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Loading Instructions for the 1936 Voigtlander “Baby Bessa“ 66, “Klein-Bessa”, an early classic 6x6 120 Roll Film Camera

The exceptionally fine Voigtlander 6x6 medium format camera was produced in Braunschweig Germany circa 1936. The camera was called the “Klein-Bessa” and was designed as a companion for the larger 6x9 Bessa. “Klein” means small in German and with small in mind, Voigtlander designed the smallest 6x6 in mind. It’s so small that a roll of 120 film just barely fits into this camera. In fact you have to swing the film clips up and out of the camera, to insert a roll of film between them and then fold it back in. This isn’t difficult but it does illustrate to what extent the designers went to make sure everything was as compact as possible.

This little camera is popular with the people that own them and it’s easy to see why. It is certainly one of the nicest, smallest and best handling prewar 6x6 cameras ever produced. I’ve owned more than my fair share of cameras over the years, but I’ve always been quite fond of auto-stop winding, the sculpted lines of the lens door, the smooth ergonomics, the drop-down shutter release lever and the quirky styling.


The early Bessa 66 with auto-stop winding can be a bit tricky to use the first few times. If you follow the instructions, which I’ve written based on my experience with them, it should work just fine. (The only caveat is that the exposure counter works correctly. This isn’t always the case if you didn’t buy it from us.)


  1. Before loading film into the Bessa 66 the film counter, it’s very important that the film counter on top of the camera indicates 0.  (In this position the wind knob is unlocked and can be turned an unlimited amount of turns.) If the counter is not at zero you will have to manipulate the large film roller inside the camera and fire the shutter release until the 0 position is achieved.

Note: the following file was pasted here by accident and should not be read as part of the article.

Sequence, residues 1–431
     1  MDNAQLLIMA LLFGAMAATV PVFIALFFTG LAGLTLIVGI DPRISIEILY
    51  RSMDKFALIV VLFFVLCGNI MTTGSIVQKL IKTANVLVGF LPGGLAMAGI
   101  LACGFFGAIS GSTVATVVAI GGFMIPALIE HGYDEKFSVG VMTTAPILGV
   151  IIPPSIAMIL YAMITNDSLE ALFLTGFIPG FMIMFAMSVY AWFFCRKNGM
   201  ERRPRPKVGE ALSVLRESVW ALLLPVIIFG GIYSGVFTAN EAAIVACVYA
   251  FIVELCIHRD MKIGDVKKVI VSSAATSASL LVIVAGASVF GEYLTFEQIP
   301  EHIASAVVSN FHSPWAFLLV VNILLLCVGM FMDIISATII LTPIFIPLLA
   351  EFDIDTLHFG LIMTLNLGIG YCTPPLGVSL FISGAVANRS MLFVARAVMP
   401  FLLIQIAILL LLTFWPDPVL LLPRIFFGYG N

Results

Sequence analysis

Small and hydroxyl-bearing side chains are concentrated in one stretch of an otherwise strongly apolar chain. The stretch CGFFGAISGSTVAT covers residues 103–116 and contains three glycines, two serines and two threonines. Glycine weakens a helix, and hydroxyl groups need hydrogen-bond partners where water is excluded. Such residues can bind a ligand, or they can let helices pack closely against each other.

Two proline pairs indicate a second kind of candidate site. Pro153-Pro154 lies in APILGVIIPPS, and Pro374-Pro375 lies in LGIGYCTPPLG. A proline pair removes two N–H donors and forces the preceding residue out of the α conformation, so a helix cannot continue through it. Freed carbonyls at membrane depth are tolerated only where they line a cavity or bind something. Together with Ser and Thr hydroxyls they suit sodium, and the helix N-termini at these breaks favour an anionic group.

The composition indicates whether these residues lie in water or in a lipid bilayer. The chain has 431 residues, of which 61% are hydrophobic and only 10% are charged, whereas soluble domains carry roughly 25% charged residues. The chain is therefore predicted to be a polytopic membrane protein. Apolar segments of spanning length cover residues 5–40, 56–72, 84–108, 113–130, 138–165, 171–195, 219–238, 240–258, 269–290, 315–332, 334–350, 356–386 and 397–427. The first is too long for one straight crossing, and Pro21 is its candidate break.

2. Put fresh film into proper side of the camera.
  3. Thread the free end of the film onto the empty pickup spool and wind up some of the paper backing until is snug and you’re sure its carefully centered. 
  4. If your camera has them, extend the film clips that are located in the chamber below the wind knob (you’ll need to lift the wind knob to release them) and insert the pick-up spool between them.
  5. Push the spool & clips back into the camera.
  6. Close the camera and turn the wind knob carefully until exposure no 1 appears in the red film counter window on the rear of the camera. (After this step you won’t have to use the red window again.)
  7. Slide the counter lever (on the rear on the camera near the wind knob) to the left and then release it. The film counter on top of the camera will now move automatically to #1.
  8.  Do not move the wind knob. Just cock the shutter and you are ready to take a photo. After you’ve taken a photo. Simply wind the film advance knob until it stops. Cock the shutter and take the following photos.
  9. Repeat for all the following exposures. After #12 has been taken the counter will move to the 0 position unlocking the system once again.

 Important Tips:

  1. ALWAYS push the shutter release all the way down (even if you hear the shutter fire). It is the shutter release leaver which operates the film counter system. If you do not move downwards enough than that can cause a counting error.
  2. Never force the wind knob to turn if it is locked. Doing so will damage the camera. 

Good luck!


Peter and Petra